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15: Elements of Color

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    126933
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    Color is a basic element of art that involves light. It is produced when light waves (wavelength) strike an object and are reflected into our eyes. Each light wave has a distinct color. Objects appear to be different colors because some wavelengths are absorbed while others are reflected or transmitted. The art element color is made up of three properties: hue, value, and intensity. Intensity: quality of brightness and purity (high intensity= color is strong and bright; low intensity= color is faint and dull) Texture An element of art that refers to the way things feel, or look as if they might feel if touched. Color is a very complex and important subject in the visual arts field. Colors have extreme psychological effects on our brain. About 80% of all information received by our brain is visual. And anything “visual” in our world may be closely related to color. Color is important because it helps us to have better memories. According to ColorCom “color helps us store and process images more efficiently than colorless (black and white) scenes”, therefore we remember colorful images better. Children usually learn about color during their preschool years. ... Recognizing the colors and identifying the color names is an important part of a child's development. Early identification of colors helps to create the cognitive link between visual clues and words. Color affects your learning by the way your brain functions and uses color to develop pattern recognition, memory and absorbing new information. It can also visually guide you to locate, compare, understand and recall information faster.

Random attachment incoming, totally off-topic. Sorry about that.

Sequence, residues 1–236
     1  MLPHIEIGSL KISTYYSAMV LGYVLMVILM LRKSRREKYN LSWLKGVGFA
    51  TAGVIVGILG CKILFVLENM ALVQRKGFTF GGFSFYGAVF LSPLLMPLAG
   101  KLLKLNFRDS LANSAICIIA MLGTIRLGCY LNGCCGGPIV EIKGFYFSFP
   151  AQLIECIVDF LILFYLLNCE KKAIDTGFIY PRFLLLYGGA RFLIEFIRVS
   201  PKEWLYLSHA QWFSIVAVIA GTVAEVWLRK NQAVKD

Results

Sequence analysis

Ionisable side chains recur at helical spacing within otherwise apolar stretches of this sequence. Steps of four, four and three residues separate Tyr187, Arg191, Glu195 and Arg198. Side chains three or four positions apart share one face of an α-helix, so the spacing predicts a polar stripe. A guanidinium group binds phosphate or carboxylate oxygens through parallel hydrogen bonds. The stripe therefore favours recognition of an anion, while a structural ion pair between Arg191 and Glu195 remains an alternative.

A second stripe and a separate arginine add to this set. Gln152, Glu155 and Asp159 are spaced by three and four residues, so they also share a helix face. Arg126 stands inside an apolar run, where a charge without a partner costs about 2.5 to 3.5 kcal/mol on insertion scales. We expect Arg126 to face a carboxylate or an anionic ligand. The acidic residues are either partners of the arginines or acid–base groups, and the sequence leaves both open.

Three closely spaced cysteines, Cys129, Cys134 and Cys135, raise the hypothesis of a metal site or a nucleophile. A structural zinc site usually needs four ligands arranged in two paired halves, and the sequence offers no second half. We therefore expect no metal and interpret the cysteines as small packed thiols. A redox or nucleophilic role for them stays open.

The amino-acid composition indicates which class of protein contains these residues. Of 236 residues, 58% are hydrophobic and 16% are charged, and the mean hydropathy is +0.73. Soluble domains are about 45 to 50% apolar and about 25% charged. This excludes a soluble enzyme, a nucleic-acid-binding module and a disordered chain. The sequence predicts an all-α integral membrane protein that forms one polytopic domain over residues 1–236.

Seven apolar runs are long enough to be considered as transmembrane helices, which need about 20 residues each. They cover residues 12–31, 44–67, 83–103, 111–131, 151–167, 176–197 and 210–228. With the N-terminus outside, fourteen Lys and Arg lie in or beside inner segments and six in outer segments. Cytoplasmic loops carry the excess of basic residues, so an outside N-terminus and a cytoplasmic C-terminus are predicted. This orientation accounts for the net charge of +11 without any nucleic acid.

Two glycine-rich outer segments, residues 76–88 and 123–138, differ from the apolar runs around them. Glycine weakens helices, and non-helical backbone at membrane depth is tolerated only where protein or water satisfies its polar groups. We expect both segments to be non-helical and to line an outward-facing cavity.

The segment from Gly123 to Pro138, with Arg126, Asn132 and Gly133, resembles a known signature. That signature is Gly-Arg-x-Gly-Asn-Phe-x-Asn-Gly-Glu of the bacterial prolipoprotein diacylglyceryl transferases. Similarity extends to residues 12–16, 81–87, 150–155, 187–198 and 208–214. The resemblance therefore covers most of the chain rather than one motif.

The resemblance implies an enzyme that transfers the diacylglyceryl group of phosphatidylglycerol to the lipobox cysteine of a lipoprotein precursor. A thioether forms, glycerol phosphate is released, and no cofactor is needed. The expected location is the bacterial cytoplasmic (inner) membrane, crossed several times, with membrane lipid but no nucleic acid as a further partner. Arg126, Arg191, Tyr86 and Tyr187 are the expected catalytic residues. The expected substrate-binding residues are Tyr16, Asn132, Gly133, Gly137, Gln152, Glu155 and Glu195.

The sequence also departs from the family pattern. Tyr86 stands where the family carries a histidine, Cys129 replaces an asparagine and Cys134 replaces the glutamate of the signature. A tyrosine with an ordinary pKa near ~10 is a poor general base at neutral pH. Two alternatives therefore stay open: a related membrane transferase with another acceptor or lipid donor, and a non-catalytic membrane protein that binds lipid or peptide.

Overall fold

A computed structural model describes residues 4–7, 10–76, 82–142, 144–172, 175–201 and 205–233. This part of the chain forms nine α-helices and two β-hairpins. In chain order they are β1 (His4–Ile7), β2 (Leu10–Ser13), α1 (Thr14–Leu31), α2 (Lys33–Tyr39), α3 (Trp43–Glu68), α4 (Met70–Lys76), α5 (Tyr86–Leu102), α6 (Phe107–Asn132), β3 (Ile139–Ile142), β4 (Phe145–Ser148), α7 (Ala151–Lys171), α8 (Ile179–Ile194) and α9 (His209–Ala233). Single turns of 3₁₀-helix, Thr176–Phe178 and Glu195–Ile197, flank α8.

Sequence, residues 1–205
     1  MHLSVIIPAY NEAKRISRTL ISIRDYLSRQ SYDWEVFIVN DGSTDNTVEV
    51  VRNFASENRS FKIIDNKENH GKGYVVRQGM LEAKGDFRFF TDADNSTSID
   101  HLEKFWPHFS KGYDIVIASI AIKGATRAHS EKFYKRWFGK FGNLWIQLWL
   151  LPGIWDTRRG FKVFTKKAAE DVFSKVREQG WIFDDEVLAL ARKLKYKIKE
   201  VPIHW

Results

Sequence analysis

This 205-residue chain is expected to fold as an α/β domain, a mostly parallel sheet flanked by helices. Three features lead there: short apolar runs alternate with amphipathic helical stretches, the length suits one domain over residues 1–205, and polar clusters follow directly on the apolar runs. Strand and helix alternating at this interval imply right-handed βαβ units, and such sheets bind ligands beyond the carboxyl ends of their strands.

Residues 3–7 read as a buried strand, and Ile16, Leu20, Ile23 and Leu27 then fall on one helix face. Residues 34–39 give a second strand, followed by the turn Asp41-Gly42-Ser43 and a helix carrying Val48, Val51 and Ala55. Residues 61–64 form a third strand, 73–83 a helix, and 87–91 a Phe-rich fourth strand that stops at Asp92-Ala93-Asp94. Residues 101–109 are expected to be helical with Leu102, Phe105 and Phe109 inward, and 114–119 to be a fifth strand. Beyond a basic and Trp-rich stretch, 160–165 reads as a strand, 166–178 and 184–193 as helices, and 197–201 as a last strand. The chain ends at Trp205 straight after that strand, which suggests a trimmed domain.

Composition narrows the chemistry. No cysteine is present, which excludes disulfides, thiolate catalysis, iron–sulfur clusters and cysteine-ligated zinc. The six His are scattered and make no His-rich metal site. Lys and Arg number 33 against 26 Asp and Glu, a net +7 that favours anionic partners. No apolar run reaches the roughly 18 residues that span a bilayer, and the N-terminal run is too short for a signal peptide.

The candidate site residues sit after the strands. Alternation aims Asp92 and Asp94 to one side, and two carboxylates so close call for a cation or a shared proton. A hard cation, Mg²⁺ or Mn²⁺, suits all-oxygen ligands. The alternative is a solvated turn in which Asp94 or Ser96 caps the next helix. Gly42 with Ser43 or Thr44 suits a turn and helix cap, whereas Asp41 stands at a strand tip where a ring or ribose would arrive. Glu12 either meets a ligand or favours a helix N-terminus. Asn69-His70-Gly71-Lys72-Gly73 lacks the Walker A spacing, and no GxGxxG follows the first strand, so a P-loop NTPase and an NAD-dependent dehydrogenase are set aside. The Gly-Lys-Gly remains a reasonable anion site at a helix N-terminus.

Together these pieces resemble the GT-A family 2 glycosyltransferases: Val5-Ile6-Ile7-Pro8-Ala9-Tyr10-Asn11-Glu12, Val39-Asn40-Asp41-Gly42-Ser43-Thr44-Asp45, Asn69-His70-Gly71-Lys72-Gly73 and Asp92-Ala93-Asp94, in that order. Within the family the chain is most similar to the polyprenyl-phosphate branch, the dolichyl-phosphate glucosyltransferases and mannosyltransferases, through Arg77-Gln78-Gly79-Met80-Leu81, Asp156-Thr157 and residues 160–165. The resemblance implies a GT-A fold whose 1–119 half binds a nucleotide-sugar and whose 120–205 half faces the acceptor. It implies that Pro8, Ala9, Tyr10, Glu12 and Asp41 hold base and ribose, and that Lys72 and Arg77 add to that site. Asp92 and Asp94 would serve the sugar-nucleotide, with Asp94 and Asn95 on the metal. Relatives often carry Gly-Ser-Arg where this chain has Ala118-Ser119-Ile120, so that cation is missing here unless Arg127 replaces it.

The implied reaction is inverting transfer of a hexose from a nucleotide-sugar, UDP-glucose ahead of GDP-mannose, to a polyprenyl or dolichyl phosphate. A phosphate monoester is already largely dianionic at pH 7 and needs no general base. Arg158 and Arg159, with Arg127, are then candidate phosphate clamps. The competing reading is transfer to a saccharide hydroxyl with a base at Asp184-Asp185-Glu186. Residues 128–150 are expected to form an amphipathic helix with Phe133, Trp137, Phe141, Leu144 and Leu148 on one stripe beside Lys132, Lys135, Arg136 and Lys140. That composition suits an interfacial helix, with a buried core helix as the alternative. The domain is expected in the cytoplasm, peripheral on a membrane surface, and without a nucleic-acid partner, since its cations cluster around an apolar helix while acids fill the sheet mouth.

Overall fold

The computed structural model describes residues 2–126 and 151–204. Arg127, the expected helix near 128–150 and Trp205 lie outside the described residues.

Warm colors like yellow, orange, red, and pink, can make a picture look brighter. Yellow is a more joyful color while red is a color that reminds us of the emotion anger. However, the way a work of art feels depends on how you use those colors. Although red makes us think of anger, take a look at this collage.

    Artists use colors to create depth. Warm colors such as reds, yellows, oranges, and red-violets associated with the sun project toward the viewer. Cool colors such as blues, blue-greens, and blue-violets that are usually associated with bodies of water appear to recede into the distance.

    Color is often deemed to be an important element of design as it is a universal language which presents the countless possibilities of visual communication. Hue, saturation, and brightness are the three characteristics that describe color. Hue can simply be referred to as "color" as in red, yellow, or green.

    Color Wheel

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    The color wheel is an organized system of colors based on color theory. The three primary colors have specific properties and form the core component of the wheel. These three primary colors are red, blue and yellow. They can not be created through mixing other colors, but must be created through pigments that are inherently that specific color. The three secondary colors are created by mixing two primary colors. These three secondary colors are orange, violet, and green. The color orange is created by mixing both red and yellow. Green is a mix of yellow and blue. Violet is a mix of blue and red.

    Moving directly across the center of the color wheel reveals the complementary colors. Across from blue is the complement orange. Across the wheel from yellow is violet. Across the wheel from red is green. This concept of complementary colors is very important for artists and designers and was explored by painters in the 19th century. Complementary colors can be mixed together to create a neutral color such as a color used in the shadows of a form. This is called a color shade.